It's the last day of 2012! Wow, that was a super fast year. When I read magazines and papers, I often cut out paragraphs and thoughts that strike me as wise or interesting or amusing. I just went through the pile of scraps near my chair and thought this would be an appropriate day to share them. So many many people do highlights of the past twelve months, so here's my collection of wisdom:
Monday, November 26, 2012
Saturday, October 20, 2012
Monday, September 17, 2012
Sunday, August 26, 2012
Crescendo is a good word. It means a gradual increase in volume or intensity. In music, a crescendo moves from a gentle sound that builds and builds until crushing sound envelopes you. In our little part of the world, a crescendo of sadness is building and building and will soon culminate as our third son, Tony, his wife, Carmen, and their three wonderful children, 13, 9 and 7, move away to follow a dream out in the state of Oregon. We wish them well and hope and pray that it will be a great move and they will build a beautiful life out there. We know we've been unusually blessed to have had their lives so entwined with ours these past few years. But still the sadness looms. The children have been our playmates and gateway back to the innocence of childhood. We've watched them blossom and learn and establish personalities, likes and dislikes, and show glimpses of special talents. We know them all well now and can be confident that our connection is forever but we also know that our relationship will be changing. Hopefully, we'll be able to travel the 2000 miles annually, especially since our second son, Dan, his wife, Cori and son, Ben, are out there too, in Vancouver, Wa. We'll try to utilize all the hi tech communication devices that we can master but in our heart of hearts know that it won't be the same. But that is life, ever changing and not always exactly as you'd like. So, we're savoring every one of these last days we have, swimming and laughing and singing.
Thursday, July 12, 2012
Tuesday, June 26, 2012
Monday, May 21, 2012
Saturday, March 31, 2012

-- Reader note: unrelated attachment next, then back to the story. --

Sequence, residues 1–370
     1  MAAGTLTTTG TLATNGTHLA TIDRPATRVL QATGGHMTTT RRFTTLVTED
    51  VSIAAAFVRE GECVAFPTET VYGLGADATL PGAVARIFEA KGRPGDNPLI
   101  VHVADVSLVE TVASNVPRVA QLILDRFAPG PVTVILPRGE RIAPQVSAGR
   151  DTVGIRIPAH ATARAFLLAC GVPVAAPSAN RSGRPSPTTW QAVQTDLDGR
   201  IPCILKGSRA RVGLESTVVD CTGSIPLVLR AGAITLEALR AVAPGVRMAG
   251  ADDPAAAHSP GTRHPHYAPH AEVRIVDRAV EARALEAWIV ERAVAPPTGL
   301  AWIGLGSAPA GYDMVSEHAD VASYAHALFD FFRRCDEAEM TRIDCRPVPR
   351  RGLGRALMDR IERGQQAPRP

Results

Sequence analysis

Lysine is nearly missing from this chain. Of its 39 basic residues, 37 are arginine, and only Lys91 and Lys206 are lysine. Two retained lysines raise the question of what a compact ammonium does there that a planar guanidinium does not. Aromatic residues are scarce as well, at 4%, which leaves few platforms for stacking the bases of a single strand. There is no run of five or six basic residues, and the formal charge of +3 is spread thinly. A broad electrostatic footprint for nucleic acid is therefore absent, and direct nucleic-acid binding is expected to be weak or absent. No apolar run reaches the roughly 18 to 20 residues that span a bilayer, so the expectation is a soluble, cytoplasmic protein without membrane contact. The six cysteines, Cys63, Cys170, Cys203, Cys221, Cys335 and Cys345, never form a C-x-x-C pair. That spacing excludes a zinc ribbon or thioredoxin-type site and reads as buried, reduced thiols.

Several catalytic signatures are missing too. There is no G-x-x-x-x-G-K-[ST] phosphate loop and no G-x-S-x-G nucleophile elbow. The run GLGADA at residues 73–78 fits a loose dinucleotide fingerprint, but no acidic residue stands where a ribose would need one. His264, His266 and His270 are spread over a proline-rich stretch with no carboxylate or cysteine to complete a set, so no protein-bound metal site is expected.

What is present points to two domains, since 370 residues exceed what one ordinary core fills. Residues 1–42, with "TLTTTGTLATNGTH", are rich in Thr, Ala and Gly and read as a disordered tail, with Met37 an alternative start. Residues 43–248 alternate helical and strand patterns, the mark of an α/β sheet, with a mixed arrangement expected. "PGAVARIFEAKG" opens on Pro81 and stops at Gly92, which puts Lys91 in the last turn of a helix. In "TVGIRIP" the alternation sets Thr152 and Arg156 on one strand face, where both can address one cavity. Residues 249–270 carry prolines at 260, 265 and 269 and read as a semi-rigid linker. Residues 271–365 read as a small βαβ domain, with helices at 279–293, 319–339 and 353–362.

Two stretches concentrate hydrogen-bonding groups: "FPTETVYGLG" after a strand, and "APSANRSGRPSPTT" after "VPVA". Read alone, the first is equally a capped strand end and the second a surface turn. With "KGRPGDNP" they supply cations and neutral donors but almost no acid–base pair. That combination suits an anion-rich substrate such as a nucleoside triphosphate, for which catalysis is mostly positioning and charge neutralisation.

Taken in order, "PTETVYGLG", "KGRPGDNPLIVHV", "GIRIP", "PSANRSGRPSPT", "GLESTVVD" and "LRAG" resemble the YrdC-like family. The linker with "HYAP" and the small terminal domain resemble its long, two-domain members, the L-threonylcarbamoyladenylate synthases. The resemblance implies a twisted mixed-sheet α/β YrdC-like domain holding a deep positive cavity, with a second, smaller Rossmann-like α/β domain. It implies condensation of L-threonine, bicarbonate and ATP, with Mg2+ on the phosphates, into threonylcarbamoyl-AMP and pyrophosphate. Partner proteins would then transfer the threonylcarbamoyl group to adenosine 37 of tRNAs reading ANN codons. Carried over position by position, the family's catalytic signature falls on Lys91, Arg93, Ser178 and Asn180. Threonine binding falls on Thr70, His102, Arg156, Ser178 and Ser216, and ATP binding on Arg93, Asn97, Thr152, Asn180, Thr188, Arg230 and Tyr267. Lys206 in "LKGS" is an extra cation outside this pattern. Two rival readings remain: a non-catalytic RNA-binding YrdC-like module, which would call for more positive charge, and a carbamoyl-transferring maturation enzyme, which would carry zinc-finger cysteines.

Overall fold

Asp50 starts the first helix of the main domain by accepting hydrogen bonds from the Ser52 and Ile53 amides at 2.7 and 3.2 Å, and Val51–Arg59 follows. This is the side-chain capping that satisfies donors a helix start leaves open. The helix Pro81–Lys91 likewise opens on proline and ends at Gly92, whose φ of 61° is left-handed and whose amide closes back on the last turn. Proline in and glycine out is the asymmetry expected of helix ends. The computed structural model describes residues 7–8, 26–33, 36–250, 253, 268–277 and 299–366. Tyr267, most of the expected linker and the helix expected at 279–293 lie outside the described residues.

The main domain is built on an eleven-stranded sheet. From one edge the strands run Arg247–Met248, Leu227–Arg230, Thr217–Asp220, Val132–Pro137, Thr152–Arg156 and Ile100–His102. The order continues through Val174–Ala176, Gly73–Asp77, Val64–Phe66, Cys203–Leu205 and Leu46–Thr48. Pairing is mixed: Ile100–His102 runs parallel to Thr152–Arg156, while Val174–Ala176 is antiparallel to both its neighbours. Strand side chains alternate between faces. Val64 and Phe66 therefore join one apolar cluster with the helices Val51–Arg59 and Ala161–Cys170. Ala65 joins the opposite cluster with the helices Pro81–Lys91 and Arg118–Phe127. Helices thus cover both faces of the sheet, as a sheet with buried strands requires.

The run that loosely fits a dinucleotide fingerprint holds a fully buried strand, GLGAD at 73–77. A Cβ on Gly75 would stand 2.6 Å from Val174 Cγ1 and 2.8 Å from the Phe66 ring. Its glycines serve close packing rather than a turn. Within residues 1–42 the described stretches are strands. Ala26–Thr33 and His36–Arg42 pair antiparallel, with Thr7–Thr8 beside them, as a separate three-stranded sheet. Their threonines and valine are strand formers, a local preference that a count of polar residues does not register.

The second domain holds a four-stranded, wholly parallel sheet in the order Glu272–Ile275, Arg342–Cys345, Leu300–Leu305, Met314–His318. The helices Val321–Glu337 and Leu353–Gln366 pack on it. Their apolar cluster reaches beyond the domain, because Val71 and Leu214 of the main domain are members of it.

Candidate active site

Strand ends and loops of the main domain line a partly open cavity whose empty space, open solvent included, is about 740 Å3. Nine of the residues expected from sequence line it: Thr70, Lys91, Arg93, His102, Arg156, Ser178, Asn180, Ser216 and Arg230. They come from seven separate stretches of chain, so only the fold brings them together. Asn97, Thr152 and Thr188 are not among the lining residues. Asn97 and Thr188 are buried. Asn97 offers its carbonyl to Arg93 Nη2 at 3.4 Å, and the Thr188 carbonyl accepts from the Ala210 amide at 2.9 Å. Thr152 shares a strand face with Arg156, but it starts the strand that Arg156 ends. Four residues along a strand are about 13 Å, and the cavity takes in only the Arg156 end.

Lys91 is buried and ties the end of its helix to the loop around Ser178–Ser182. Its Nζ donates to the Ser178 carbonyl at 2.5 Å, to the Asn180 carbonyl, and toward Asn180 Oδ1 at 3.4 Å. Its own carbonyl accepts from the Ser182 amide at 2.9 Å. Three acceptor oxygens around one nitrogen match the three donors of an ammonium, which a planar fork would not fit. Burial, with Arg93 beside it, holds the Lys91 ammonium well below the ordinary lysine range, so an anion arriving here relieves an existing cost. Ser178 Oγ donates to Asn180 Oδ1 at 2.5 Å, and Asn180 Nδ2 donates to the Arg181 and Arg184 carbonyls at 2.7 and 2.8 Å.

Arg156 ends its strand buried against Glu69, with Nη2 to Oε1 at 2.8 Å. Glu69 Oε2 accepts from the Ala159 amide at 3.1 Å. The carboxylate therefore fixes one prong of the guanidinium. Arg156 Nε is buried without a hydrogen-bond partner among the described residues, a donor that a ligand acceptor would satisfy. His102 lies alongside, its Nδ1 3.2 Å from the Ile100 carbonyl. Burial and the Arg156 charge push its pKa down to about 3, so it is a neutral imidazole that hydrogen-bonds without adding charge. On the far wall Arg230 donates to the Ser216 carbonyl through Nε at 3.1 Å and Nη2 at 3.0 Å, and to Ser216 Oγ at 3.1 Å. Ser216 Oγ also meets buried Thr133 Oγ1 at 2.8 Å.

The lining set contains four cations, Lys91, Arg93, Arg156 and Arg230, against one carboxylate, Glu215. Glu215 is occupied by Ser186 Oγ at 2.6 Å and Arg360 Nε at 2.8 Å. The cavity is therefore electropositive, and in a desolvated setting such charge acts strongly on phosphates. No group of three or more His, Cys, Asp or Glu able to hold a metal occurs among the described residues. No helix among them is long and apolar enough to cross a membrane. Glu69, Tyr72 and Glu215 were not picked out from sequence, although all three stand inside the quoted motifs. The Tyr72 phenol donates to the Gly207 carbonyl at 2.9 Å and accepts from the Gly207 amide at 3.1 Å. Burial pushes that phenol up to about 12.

In the title of this posting, I took a little liberty with Emily Dickinson's famous poetry, "how do I love thee...." I've been struck recently about deep deep things like life and death and legacy, about an individual's story and how each of us leaves a mark on this world. My brother, Mark's wife, Alice, died this month. She was only 3 months younger than me and she and Mark were married in 1966. Over those years, we may have only seen Alice about ten times. Mark was in the Air Force and they moved around a lot the first five years of their marriage and then they settled in Bellevue, Ne., about 600 miles from here. I do regret that throughout those years I never really got to know Alice. Neither of us were conscientious about writing and her five children and our three children and then her eight grandchildren and our six grandchildren kept the days and months passing by without connection. So, it was beautiful to see on Facebook, testimonials and reflections from her children of just what a loving and compassionate being that Alice was. At her funeral Mass, her nephew spoke a bit of her story and shone more light on her goodness and uniqueness. All five of her children are warm and welcoming, kind and loving and in getting to know them and their families, we get to learn more about Alice. May she rest in peace. P.S. When we came home from the funeral trip to Bellevue, the pictured black bunny seemed to have taken up residence in our yard. Since Alice had dark black hair, we named the bunny, Alice.
Tuesday, March 6, 2012